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(HT: Justin Taylor)

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Christian Academics Share Personal Experience

April 21, 2009

This is interesting. A free e-book edited by Steve Hayes and James Anderson: “Love the Lord with Heart and Mind.” It chronicling the answers of Christian intellectuals (including Darrell Bock, John Frame and Douglas Groothuis) to the following questions.

1. Have you been a Christian from childhood?
2. Did you convert to the faith? If so, please describe your
conversion experience.
3. Why do you believe in the existence of God?
4. Why do you believe in the inspiration of the Bible?
5. How do you deal with Bible criticism?
6. How do you deal with scientific objections to the faith?
7. What other challenges to the faith would you like to
comment on?
8. At this stage of your spiritual journey, would you now give
different reasons for your faith than when you began your
pilgrimage?
9. Looking back over your life as a Christian, how would you
say that your faith has evolved over time? How, if at all, does
your lived-in faith differ from when you were younger?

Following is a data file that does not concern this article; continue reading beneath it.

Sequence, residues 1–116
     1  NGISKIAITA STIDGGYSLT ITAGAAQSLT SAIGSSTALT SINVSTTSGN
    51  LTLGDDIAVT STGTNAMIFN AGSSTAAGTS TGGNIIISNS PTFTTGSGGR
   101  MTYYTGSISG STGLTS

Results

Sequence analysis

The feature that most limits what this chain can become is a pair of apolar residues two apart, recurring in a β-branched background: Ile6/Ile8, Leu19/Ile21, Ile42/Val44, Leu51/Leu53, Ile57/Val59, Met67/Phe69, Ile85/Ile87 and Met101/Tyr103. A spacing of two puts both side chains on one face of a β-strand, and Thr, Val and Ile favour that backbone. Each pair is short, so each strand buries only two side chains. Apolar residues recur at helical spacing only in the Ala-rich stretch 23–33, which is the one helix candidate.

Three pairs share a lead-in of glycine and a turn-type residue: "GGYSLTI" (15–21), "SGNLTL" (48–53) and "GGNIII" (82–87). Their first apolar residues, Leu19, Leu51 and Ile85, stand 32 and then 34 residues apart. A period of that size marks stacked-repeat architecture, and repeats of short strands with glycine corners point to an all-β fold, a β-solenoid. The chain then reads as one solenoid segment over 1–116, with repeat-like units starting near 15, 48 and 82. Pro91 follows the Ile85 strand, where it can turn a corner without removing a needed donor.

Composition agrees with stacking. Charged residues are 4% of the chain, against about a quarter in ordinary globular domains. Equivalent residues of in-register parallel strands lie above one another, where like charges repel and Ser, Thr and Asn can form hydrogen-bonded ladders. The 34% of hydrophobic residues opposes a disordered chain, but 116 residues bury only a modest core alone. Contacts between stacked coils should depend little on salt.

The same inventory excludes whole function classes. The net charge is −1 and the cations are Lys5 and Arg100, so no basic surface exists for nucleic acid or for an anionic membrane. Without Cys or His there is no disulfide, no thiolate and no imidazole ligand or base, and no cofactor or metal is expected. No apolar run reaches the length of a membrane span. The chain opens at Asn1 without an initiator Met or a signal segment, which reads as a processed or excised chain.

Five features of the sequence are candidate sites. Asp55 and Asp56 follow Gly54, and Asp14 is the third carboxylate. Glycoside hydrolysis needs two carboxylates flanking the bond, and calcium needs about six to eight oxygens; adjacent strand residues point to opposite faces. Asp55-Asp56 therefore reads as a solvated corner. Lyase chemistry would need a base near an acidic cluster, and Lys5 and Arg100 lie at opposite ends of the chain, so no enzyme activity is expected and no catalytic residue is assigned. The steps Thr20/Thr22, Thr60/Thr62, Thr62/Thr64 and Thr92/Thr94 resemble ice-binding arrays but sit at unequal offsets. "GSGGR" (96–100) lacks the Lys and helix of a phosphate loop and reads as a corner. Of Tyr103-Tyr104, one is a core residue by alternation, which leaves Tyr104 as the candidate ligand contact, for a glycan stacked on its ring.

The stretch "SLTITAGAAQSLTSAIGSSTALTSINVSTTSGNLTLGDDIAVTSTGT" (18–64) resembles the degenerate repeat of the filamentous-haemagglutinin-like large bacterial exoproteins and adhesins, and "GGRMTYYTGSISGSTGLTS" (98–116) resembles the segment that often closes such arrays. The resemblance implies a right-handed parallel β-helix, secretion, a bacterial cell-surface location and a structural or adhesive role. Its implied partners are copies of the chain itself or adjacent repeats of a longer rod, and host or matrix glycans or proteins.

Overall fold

10. Unbelievers often point to the elusiveness of God. In your
personal experience, including your experience with other
Christians, can you point to any examples of God’s
providential presence?
11. Since you’ve been a Christian, have you undergone a crisis
of faith? If so, how did you work through it?
12. In your observation, why are most unbelievers
unbelieving?
13. In your experience, what’s the best way to witness to
unbelievers?
14. Christian apologetics tends to settle into certain
stereotypical arguments and formulaic emphases. Do you
think there are some neglected areas in how apologetics is
generally done today?
15. What do Christian parents, pastors, seminary and/or
college professors most need to teach our young people to
prepare them for the walk of faith?
16. What devotional or apologetic reading would you
recommend for further study?

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How High An Estimate of Preaching?

April 21, 2009

Its a question I often ask myself at the beginning of another week of sermon preparation: “how highly do I truly value the importance of the preaching task?” My heart’s answer to that question will undoubtedly be reflected in my earnest effort and prayer in the preparation that follows; or sadly, and alternatively, in the lack of diligence and desire.

James Alexander once said:

“I fear none of us apprehend as we ought to do the value of the preacher’s office. Our young men do not gird themselves for it with the spirit of those who are on the eve of a great conflict; nor do they prepare as those who are to lay hands upon the springs of the mightiest passions, and stir up to their depths the ocean of human feelings. Where this estimate of the work prevails, men even of inferior training accomplish much….The pulpit will still remain the grand means of effecting the mass of men. It is God’s own method, and he will honour it…In every age, great reformers have been preachers.” (James W Alexander, quoted in John Stott, I Believe in Preaching, p 37)

I am challenged, yet inspired.